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Big House on the PrairieRise of the Rural Ghetto and Prison Proliferation$
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John M. Eason

Print publication date: 2017

Print ISBN-13: 9780226410203

Published to Chicago Scholarship Online: September 2017

DOI: 10.7208/chicago/9780226410487.001.0001

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“It’s Like the City, Only Quieter”: Making the Rural Ghetto

“It’s Like the City, Only Quieter”: Making the Rural Ghetto

(p.40) Three “It’s Like the City, Only Quieter”: Making the Rural Ghetto
Big House on the Prairie

John M. Eason

University of Chicago Press

I advance the notion of a rural ghetto in this chapter to suggest that processes like white flight, de-industrialization, and the expansion of public housing created a new form of inequality in communities like Forrest City. Borrowing from urban sociology, I detail how the rural ghetto has emerged as a post–Jim Crow form of subjugation instrumental to the prison boom. Through ethnographic and historical data, we came to understand firsthand how the Delta is deeply defined by systems of racial oppression. Before this respondent compared drug abuse, drug selling, and crime in her Forrest City neighborhood to Chicago, I did not make the experiential link between these communities. From here, I show how elements of concentrated disadvantage like murder rates and residential segregation provide a basis for considering how the ghetto concept applies to certain rural communities. More importantly, I suggest that just as there are urban ghettos, rural spaces of concentrated disadvantage should be understood as rural ghettos that have similar functions in rural ecology.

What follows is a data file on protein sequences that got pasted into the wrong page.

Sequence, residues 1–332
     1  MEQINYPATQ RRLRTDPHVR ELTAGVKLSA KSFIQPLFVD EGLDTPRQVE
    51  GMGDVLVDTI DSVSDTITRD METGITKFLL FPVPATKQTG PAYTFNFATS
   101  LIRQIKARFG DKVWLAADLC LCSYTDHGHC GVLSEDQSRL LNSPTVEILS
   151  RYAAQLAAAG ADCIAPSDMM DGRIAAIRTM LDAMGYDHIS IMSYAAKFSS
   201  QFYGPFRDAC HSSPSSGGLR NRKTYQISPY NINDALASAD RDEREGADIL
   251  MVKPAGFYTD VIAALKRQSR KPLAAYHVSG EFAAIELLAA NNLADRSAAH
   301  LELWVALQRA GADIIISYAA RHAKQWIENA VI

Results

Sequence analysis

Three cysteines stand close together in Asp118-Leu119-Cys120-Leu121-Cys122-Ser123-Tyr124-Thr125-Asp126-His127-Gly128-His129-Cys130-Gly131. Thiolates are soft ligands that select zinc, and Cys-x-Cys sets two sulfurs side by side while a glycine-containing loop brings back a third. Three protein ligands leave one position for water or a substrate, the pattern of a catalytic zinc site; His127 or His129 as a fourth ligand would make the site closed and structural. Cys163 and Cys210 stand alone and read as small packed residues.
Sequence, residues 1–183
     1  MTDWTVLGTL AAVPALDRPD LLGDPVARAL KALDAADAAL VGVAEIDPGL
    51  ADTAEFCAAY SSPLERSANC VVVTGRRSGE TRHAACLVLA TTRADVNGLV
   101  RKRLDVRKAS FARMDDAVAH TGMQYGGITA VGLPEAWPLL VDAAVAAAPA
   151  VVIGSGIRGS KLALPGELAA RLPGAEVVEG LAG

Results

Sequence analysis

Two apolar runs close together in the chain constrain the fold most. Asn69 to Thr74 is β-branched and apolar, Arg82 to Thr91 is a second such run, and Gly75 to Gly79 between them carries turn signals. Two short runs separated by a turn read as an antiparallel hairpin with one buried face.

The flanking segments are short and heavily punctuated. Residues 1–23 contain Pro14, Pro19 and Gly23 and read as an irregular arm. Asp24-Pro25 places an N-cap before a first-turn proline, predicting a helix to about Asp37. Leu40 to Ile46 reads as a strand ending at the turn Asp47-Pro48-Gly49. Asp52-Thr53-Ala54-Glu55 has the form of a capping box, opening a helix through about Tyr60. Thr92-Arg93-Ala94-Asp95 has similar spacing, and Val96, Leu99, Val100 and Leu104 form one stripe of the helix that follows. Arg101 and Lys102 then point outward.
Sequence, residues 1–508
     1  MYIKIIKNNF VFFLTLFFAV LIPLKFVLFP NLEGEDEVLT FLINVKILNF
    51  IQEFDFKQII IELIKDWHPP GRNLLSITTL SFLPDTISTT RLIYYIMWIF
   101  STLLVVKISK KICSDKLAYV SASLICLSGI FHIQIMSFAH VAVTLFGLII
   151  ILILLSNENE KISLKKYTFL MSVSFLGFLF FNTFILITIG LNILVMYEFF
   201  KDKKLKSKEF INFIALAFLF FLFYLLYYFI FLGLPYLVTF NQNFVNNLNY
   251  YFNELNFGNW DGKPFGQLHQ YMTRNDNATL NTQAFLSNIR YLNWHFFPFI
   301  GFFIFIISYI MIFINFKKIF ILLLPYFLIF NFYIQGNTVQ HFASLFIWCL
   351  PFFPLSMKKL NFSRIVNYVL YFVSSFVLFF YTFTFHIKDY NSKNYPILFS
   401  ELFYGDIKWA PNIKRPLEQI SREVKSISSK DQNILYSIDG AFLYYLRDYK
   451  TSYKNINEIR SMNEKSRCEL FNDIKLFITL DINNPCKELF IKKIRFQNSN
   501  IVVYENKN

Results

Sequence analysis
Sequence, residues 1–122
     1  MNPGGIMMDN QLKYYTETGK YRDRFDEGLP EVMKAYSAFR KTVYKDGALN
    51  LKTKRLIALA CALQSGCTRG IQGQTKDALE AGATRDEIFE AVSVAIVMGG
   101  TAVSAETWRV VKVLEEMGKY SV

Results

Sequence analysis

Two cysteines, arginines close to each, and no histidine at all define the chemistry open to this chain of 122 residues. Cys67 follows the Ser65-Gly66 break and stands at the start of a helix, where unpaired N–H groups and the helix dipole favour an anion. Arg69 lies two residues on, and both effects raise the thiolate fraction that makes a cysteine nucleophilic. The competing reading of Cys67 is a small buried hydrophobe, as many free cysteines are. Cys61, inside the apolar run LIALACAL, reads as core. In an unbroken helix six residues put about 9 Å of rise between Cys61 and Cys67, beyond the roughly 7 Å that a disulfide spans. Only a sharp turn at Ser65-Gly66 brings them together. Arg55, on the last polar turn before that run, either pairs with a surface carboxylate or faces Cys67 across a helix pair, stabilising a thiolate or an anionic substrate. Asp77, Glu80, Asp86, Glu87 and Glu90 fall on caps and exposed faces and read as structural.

Keywords:   ghetto, public housing, concentrated poverty, white flight, deindustrialization, Jim Crow, residential segregation

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